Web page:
Latin America has reached a pivotal moment in experimental particle physics and astrophysics research. Throughout the month of October, Symmetry will explore how.
Brazilian physicist César Lattes, considered a national hero for his discoveries, paved the way for trailblazing research projects in particle astrophysics across Latin America and beyond.
Many researchers from Latin America can trace their entry into experimental particle physics to an initiative started by former Fermilab Director Leon Lederman.
In the last few decades, Argentina and Chile have proven themselves prime spots for astronomical observation—a status that has been a boon in many ways for both countries.
A series of short physics schools organized in collaboration with CERN has had an outsized impact on the careers of scientists from Latin America.
Scholars return home to forge paths for future physicists where few exist.
A collaboration with fewer than 100 members has played an important role in Fermilab’s ongoing partnership with Latin American scientists and institutions.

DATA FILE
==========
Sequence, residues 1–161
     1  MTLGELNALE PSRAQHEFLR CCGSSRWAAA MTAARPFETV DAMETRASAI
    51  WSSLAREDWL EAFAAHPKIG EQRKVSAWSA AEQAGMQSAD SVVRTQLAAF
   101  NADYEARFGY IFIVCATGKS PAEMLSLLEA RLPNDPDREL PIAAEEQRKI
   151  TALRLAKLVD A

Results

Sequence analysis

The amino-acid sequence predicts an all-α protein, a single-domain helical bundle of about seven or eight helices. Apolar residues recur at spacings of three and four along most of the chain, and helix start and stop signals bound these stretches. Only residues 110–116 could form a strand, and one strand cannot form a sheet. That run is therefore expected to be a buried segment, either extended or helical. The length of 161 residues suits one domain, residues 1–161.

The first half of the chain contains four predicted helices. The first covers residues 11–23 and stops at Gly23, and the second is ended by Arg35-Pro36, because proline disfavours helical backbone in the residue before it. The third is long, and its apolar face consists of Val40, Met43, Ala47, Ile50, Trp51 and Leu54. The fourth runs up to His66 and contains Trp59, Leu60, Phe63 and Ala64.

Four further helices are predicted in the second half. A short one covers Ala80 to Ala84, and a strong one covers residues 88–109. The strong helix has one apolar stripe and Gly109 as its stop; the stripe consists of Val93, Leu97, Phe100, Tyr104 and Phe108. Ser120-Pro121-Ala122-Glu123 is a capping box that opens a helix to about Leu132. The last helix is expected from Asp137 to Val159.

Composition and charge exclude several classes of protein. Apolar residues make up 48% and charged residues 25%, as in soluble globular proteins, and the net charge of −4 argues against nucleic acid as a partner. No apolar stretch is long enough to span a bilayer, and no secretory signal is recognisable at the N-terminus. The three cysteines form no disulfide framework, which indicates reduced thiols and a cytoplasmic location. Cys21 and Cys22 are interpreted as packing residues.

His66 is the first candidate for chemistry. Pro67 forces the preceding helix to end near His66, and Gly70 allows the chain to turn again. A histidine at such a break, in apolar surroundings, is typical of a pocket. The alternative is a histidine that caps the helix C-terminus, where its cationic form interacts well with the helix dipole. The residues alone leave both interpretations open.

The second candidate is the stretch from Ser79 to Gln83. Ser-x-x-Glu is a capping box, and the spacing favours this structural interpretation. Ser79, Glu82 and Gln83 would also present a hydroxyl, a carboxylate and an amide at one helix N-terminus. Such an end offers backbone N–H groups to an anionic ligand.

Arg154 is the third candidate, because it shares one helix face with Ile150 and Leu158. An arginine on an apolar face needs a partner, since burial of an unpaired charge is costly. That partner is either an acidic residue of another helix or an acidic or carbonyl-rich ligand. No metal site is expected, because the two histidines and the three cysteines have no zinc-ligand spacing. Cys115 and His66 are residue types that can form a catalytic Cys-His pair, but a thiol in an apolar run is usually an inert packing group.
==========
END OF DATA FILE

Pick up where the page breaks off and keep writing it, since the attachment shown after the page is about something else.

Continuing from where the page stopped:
A strong regional tradition of high-energy physics and astrophysics—plus the aspirations of one young researcher—brought the High-Altitude Water Cherenkov Gamma-ray Observatory to Mexico.
Feeling left out of some traditional paths to community in particle physics, a group of Latin American researchers created their own way to connect.
Maria Teresa Dova has been instrumental in bringing scientists in Argentina new opportunities to participate in particle physics and astrophysics experiments, including one that co-discovered the Higgs boson.
Latin American institutions are instrumental in creating photon detectors for the Deep Underground Neutrino Experiment.
For the first time, scientists and policy-makers are creating a regional strategy for scientific projects in Latin America, starting with a focus on high-energy physics and cosmology.
A collaboration of the Americas aims to take the first pioneering images of low-energy neutrinos and provide new data to shed light on the mysterious identity of dark matter.
Even world-famous theorist Juan Maldacena wasn’t sure at first whether he should pursue a PhD in physics.
The observatory has made detailed information about an initial selection of its recorded cosmic-ray events available for outside scientists to use.
Scientists in Latin America recently published the first coordinated plan for the region’s research in high-energy physics, astrophysics and cosmology.